Bi Nguyen, a true Survivor who endured years of abuse, is now an MMA and reality TV star
Emerging from an abusive relationship, Bi Nguyen is fighting to regain her identity and find stardom in mixed martial arts and on season 37 of hit TV show Survivor
The reality television series Survivor gives us couch potatoes a front-row seat as fellow human beings are pushed to the outermost limits of their physical and mental endurance while sometimes being forced to face their innermost fears.
But you can forget about all that when it comes to Bi Nguyen, who on Wednesday joins the cast for the premiere of the 37th season of the series, titled “David versus Goliath”.
From political refugee to teenage runaway to the horrors of life in an abusive relationship that only ended when her former partner was locked behind bars – talk to Nguyen and you’ll walk away convinced she has already lived countless lives, even though she’s still 28 years old.
The term “survivor” only begins to tell Nguyen’s story.
“My life has thrown up enough challenges so that nothing really fazes me,” the Vietnamese-American says. “Now I just I say bring it on. I’ve always been a person who says ‘What’s the thing that scares me the most – let’s go that way’.”
It’s an attitude that led Nguyen to mixed martial arts, and to dreams of taking on Asia’s very best, including One Championship superstar Angela “Unstoppable” Lee, the Singapore-based promotion’s current world atomweight champion.
In fact the call to join the cast of Survivor came during a period where she was assessing her future in a sport she had turned to back in her darkest times, when she was just emerging from a relationship that was violent, and had robbed her of any sense of identity.
The call also came on the day Nguyen was told her dad had died after battling liver cancer.
“I got the call about my dad and then I got the call about Survivor,” Nguyen says. “It felt like I was being put on a journey. I found a lot of clarity through the show.”
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A post shared by Bi Nguyen "Killer Bee" (@killerbeemma) on Sep 25, 2018 at 1:44pm PDT
Nguyen’s father had been an officer in the South Vietnamese army during the Vietnam war and had lived in constant fear of retribution while he plotted his family’s escape from the country once the war was over.
It took 20 years from when the final shots were fired, and at eight years old Bi Nguyen found herself in Oakland, California.
Once Stateside, the young Nguyen found it tough adjusting to a new culture and to a brand new life and by the age of 15 she had left home for Houston.
“I was trying to fit in, to not disappoint my family, to be a scholar when I didn’t want to be,” Nguyen says. “Tons of things were happening around me and to me. When you go through so much adversity you don’t have time to figure things out.”
In the end, Nguyen ended up falling in love with a man who offered her an escape but soon became violent.
The relationship lasted five years and only ended when the man was sent to prison for his assaults.
“I never had the strength to get out of that relationship. He went to jail and that’s how I got out,” Nguyen says. “I don’t know where I’d be today or if I’d be alive today if that hadn’t happened.”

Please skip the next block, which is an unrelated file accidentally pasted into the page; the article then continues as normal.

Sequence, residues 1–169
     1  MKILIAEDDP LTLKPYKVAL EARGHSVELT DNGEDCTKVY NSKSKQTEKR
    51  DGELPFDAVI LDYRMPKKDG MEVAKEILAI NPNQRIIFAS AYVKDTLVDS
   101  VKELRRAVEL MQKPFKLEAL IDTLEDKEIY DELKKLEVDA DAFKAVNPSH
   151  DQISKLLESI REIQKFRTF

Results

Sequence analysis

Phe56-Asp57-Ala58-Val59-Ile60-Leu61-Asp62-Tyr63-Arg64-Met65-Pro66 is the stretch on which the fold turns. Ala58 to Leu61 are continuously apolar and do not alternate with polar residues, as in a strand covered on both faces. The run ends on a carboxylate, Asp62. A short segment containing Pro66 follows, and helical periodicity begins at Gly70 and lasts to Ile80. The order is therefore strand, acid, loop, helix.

The MMA gym gave Nguyen somewhere to hang out at first, and then to sleep, and it gave her a sense of purpose as she adapted to the sport – quickly.
An amateur record of 5-1 led to her turning pro in 2016 and on to fights on various regional circuits in the US, where she picked up the nickname “Killer Bee” in response to the shout outs Nguyen was getting from her growing band of fans.
— SURVIVOR (@survivorcbs) September 24, 2018
“I never got a chance to figure out who I was and martial arts helped me find that out. It gave me an identity,” Nguyen says. “And once you find out who you are you can do anything in life.”
Last time out, Nguyen (4-3) fell to a second-round submission (rear naked choke) to American Jayme “Atombomb” Hinshaw (4-3) for the King of the Cage atomweight title but six out of Nguyen’s seven pro bouts have gone the distance, reflecting – via that form guide and video at least – a tenacity and the love of decent stoush.
Growing interest in her rise has also helped Nguyen take on a new role in life, one to which she is as dedicated to now as she is to her daily MMA workouts.
“At the beginning of my career I was fighting for myself, I was fighting for the girl who had been hurt,” Nguyen says. “The girl who had no voice. Now my life has shifted. I want to fight to help others. I’ve realised that the little I have figure out about life can help a lot of people. Social media showed me that. I made me feel very powerful in terms of helping others. It gives you a voice.”
Nguyen’s fortunes in the new Survivor series remain a closely guarded secret – part of the sign-on deal is that contestants can’t discuss what they go through during shooting – so all that she’ll reveal that it’s “truly authentic, crazy and amazing”.
But Nguyen is crystal clear when it comes to where she sees her journey taking her next.
If that means taking on the star of the sport in Asia, so be it. The Hawaii-based Lee is unbeaten at 9-0, and will return to the cage in the city out of which she fights at the One: Heart of a Lion card in Singapore on November 9.
There the 22-year-old Lee will step up in weight to face China’s Xiong “The Panda” Jingnan (16-1) for One’s world strawweight belt.
Nguyen will be tuning in and she says she’ll be ready to answer the call from the One organisation, should it come.
“I will always shoot for the top,” Nguyen says. “I really feel the need to come back to Asia,” says Nguyen. “As Asians we’ve been so quiet for so long. Now is the time for us to make some noise.”